Jamieson, B.G.M. and Healy, J.M. 1992b. The phylogenetic position of the tuatara, Sphenodon (Sphenodontida, Amniota), as indicated by cladistic analysis of the ultrastructure of spermatozoa. Philosophical Transactions of the Royal Society London, B 335, 207-219.

Sphenodon has traditionally been regarded as a little changed survivor of
  the Permo-Triassic thecodont or eosuchian 'stem reptiles' but has
  alternatively been placed in the Lepidosauria as the plesiomorphic or even
  apomorphic sister-taxon of the squamates. A cladistic analysis of 16
  characters from spermatozoal ultrastructure of Sphenodon and other
  amniotes unequivocally confirms its exceedingly primitive status. The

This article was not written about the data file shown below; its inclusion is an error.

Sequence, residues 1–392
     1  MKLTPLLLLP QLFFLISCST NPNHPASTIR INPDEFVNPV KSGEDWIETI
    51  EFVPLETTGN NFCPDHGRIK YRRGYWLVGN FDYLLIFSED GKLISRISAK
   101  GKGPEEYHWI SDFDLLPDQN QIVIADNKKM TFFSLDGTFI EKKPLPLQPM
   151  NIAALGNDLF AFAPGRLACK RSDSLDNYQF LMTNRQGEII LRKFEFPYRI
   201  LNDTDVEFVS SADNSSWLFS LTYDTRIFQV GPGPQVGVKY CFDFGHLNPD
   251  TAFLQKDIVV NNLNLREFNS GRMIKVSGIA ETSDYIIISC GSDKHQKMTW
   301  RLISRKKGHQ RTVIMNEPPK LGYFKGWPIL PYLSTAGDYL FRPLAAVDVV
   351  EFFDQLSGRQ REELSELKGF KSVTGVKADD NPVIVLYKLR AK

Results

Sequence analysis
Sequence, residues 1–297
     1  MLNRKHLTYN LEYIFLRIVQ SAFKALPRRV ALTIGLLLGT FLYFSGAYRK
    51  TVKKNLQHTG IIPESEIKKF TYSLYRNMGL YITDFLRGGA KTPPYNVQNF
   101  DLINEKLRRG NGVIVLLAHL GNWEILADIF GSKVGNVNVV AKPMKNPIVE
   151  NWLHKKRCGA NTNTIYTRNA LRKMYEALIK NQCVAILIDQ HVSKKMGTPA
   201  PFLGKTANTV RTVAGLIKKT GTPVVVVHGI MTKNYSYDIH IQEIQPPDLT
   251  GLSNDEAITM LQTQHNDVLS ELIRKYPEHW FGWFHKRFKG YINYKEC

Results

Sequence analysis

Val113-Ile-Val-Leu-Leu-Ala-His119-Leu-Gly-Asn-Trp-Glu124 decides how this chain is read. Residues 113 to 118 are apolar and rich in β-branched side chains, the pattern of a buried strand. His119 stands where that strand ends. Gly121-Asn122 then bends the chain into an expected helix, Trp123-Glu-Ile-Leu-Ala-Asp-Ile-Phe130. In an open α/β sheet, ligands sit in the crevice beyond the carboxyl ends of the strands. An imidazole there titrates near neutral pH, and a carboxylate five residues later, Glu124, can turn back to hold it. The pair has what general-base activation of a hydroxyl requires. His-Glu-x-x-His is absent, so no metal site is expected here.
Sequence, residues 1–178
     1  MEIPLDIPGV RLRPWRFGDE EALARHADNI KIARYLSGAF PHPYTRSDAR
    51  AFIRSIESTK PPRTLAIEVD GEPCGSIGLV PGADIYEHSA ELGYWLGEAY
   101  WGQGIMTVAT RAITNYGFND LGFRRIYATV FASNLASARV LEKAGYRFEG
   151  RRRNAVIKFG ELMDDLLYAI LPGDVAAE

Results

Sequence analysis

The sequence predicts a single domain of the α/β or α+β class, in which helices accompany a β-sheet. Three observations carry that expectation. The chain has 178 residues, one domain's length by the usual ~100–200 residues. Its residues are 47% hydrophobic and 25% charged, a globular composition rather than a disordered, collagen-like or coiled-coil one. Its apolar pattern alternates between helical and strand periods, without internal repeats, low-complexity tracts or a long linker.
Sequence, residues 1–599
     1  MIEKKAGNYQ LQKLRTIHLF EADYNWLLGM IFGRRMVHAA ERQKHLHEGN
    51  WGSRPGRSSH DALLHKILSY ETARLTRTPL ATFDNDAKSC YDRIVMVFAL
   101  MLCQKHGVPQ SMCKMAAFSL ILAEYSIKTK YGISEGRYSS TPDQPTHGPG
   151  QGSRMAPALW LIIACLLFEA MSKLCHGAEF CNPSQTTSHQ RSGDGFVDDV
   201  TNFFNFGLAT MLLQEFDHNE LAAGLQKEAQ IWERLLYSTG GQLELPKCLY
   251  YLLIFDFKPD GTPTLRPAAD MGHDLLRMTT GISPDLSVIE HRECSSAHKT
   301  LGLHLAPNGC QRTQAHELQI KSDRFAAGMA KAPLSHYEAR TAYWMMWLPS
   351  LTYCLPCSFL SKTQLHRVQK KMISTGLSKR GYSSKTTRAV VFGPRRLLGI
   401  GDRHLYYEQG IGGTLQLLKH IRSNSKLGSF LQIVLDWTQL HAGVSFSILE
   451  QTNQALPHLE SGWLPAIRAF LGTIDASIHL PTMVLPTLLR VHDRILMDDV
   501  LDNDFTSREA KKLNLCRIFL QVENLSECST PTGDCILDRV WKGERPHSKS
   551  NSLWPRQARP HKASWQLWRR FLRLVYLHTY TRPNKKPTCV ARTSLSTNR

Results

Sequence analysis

analysis suggests that monotremes are the sister-group of birds; squamates
  form the sister-group of a bird + monotreme clade while the three sister
  -groups successively below the bird + monotreme + squamate assemblage are
  the caiman, the tuatara and the outgroup (turtles). The monotreme + bird
  couplet, supports the concept of the Haemothermia, but can only be
  regarded heuristically. The usual concept of mammals as a synapsid-derived
  outgroup of all other extant amniotes is not substantiated
  spermatologically. All cladistic analyses made, and a separate
  consideration of apomorphies, indicate that Sphenodon is spermatologically
  the most primitive amniote, excepting the Chelonia. It is advanced
  (apomorphic) for the amniotes in only two of the 16 spermatozoal
  characters considered. A close, sister-group relationship of Sphenodon
  with squamates is not endorsed.